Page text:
“The MoU that we signed with the Saudi Football Federation was for hosting the Santosh Trophy in Jeddah and Riyadh. Jeddah has more Indian population there, but Riyadh is the capital. And so the government there can club it together with art and culture. So these are the areas we will discuss, and maybe by January, we'll take a final call," said Kalyan Chaubey, the former Indian goalkeeper and president of AIFF.

It is Not Just About the Image
Is sports all about building the image of the Arabian Peninsula? Not at all. For instance, take the case of Saudi Arabia. In 2016, Saudi Arabia’s powerful Crown Prince Mohammed bin Salman (now Prime Minister) launched one of the most strategic economic plans in the world, the Saudi Vision 2030. One of the priorities of the vision that aimed at economic diversification away from hydrocarbons and toward different industries was Sports. Over the past half a decade, Saudi Arabia’s sports industry has undergone major reforms led by three key goals: more community engagement in sports by 2030, improving Saudi elite athletes’ performances abroad and boosting the sports economy.

Interestingly, these three aspects have been quite generous to the country’s plans so far. One of Saudi Arabia’s biggest hurdles in promoting sports was the significant shortage in women's participation. MBS’s bold and often dramatic reforms have helped address this problem. In 2018, he announced the permission for families—not just male attendees—to enter stadiums across the country. The result? Attendance for athletic events rose by a whopping 152 percent.

Success in Three Aspects
UAE’s Ministry of Education now also conducts sports classes in girls’ schools, which public schools lacked in the past. In the aftermath of these significant reforms in both sports and the community, women’s participation in sports increased by 150 percent from 2015 to 2019. Today, the Kingdom is home to more than 6000 thousand female athletes and 27 women’s sports teams. Additionally, to revamp the sports infrastructure, Saudi’s sports Ministry lined up an array of initiatives, including a platform called Nafes, which was created in 2021 to help streamline the licensing processes for private sector clubs. This initiative helped to skyrocket the number of sports clubs in the country. Today, 30 percent of private clubs and academies are specifically for women.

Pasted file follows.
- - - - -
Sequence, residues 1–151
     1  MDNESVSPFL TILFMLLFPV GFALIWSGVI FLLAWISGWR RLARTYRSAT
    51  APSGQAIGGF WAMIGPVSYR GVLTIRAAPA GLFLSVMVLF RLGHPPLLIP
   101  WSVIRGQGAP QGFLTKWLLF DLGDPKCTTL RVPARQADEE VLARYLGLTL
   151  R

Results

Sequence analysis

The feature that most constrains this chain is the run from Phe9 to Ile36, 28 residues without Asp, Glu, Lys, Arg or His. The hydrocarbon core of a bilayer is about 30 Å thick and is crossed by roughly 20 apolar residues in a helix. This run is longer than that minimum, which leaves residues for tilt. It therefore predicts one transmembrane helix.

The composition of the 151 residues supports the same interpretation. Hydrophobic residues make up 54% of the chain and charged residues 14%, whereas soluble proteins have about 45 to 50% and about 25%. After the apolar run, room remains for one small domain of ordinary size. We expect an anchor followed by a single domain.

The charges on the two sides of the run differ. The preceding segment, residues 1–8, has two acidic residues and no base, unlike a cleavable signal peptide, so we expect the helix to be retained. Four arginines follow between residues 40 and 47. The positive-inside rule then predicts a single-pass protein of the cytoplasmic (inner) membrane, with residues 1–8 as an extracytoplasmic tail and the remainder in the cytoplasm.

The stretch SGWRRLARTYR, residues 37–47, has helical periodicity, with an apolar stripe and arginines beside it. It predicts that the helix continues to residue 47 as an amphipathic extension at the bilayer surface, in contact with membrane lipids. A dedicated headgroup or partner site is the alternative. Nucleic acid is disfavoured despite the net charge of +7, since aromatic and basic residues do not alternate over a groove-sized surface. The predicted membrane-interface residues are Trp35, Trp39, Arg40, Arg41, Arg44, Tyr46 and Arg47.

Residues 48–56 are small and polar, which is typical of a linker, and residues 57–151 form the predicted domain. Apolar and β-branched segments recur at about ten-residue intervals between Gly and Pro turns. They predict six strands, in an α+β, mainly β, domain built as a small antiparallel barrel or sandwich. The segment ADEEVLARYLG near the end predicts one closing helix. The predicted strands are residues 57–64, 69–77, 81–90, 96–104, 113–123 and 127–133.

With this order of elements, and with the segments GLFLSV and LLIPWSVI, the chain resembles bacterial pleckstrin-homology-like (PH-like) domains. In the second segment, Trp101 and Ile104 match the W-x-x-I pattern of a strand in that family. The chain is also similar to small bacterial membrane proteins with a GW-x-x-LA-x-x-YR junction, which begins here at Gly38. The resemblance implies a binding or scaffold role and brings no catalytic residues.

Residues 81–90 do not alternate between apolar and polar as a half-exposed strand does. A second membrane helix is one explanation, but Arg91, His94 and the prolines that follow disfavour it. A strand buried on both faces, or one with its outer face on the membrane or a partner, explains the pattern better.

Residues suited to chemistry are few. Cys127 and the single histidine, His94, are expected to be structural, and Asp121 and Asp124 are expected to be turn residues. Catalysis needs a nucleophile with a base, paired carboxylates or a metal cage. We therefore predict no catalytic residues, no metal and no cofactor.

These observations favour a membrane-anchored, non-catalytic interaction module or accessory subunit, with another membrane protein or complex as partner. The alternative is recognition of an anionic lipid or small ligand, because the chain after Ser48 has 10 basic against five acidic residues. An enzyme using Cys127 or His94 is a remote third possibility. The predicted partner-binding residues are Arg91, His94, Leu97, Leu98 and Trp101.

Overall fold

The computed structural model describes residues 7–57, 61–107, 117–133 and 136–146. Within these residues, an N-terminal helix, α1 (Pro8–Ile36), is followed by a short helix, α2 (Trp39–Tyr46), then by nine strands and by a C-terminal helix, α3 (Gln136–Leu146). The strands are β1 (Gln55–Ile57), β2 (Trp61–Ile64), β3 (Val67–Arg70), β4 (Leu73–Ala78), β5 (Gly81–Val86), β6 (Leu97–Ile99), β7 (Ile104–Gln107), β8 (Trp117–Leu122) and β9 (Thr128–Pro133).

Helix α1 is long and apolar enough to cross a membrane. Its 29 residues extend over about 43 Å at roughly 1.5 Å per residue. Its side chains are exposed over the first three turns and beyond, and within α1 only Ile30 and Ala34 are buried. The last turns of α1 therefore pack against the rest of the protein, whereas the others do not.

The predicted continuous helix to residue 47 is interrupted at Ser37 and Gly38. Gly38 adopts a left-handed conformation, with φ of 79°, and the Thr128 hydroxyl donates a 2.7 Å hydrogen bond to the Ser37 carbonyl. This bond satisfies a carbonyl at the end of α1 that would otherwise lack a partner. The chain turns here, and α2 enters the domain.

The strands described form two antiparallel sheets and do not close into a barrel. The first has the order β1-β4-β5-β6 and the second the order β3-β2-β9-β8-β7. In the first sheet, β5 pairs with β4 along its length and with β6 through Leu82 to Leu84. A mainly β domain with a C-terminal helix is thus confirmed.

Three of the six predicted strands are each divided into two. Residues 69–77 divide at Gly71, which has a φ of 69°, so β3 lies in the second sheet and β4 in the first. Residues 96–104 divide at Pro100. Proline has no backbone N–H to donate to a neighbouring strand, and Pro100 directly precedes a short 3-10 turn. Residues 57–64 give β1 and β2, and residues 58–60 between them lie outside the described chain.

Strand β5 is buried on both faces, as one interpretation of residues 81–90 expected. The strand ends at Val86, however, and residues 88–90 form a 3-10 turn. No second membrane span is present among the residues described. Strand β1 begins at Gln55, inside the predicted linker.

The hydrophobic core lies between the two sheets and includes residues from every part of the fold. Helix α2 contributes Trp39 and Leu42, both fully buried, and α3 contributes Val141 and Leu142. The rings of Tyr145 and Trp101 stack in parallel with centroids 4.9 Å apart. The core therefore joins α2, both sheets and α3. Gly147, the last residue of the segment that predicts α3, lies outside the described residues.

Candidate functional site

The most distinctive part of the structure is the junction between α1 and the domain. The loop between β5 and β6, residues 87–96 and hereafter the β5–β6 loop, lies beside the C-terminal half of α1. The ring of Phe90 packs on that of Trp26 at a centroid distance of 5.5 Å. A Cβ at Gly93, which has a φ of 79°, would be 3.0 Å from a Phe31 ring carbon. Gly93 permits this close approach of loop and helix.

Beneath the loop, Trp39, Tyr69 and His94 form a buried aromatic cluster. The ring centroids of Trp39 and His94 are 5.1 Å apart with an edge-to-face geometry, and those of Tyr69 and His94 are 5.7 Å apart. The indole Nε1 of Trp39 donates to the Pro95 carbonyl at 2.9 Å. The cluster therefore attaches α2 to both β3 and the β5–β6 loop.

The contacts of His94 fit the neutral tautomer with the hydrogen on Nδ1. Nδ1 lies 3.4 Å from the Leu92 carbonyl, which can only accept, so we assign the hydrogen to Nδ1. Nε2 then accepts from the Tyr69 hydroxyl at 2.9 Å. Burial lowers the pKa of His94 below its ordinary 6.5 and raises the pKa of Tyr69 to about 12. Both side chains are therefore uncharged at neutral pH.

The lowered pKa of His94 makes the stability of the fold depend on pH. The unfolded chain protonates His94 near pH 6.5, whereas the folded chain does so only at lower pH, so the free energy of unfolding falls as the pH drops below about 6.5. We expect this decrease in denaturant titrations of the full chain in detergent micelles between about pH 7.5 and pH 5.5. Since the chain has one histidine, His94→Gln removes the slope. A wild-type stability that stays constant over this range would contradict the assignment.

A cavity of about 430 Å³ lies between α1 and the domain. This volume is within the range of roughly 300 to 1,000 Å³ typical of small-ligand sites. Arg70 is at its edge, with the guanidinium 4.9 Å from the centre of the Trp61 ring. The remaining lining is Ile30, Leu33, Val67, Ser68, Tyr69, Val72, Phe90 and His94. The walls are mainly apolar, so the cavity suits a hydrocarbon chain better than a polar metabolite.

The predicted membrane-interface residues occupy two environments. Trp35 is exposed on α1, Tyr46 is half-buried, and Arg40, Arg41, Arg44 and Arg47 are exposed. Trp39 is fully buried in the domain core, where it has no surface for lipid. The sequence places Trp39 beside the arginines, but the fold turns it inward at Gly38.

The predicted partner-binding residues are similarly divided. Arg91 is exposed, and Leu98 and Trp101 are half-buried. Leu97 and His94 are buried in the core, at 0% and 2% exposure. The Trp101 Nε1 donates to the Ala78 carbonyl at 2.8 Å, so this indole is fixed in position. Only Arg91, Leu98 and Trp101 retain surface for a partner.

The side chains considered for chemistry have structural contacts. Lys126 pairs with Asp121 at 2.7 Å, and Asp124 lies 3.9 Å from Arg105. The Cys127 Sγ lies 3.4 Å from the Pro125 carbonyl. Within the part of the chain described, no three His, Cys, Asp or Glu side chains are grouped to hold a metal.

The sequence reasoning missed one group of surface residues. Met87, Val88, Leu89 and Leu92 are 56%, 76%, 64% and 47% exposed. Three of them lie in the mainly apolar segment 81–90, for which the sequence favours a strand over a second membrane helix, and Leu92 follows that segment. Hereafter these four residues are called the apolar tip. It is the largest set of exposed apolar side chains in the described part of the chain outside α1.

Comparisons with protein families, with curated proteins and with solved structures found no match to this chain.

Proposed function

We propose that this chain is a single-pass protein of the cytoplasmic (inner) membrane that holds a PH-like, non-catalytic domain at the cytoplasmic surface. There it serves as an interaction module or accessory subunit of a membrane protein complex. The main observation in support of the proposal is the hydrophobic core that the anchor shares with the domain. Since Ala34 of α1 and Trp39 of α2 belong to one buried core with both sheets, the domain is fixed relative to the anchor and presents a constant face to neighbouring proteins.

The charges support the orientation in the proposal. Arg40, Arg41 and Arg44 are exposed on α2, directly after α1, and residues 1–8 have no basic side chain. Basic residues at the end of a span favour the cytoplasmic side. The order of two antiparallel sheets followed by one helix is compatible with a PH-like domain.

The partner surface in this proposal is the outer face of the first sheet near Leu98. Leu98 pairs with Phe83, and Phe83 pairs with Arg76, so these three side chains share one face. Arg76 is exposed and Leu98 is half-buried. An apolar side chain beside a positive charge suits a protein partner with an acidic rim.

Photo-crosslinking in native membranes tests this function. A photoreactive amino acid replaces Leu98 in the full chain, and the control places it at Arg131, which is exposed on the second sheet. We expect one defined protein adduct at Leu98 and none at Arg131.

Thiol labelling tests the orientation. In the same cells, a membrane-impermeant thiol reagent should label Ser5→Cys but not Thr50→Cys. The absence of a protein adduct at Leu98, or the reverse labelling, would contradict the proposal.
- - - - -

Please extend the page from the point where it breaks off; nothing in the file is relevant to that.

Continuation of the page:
These extraordinary initiatives have resulted in the Saudi sports fraternity performing better in the global arena; the Saudi men’s football team beating mighty Argentina in their opening match of FIFA World Cup Qatar 2022 was the epitome of the country’s improved sports scenario.

Collectively, the changing sports scene in the country is creating a more significant impact on the socio-economic landscape of Saudi Arabia. According to the 2020 Ministry of Sports report, the sports sector created more than 14000 direct jobs that year. Moreover, jobs at sports clubs have increased in three years by 129 percent due to new sports offerings. While administrative jobs rose by 156 percent, career opportunities in sports rose by more than 114 percent.

The Domino Effect
The domino effect created by sports has quickly spread to have an economic impact on tourism. Global events contribute to an increased number of foreign visitors worldwide. According to the ministry, sporting events in 2020 generated 36.9 million Saudi riyals ($9.8 million) in ticketing revenue and visitor spending. Furthermore, it is no secret that the sports sector generally contributes to hotel spending and the hospitality industry. Riyadh’s hotel occupancy rates increased by 58 percent in the first eight months of 2022, and Jeddah’s occupancy rate was 52 percent—a 13 percent increase from last year in part due to the pandemic. An EY report shows that Saudi’s sports event revenue is growing by an annualized 8 percent per year. It also predicts that the Saudi sports events industry will be worth US$3.3 billion by 2024.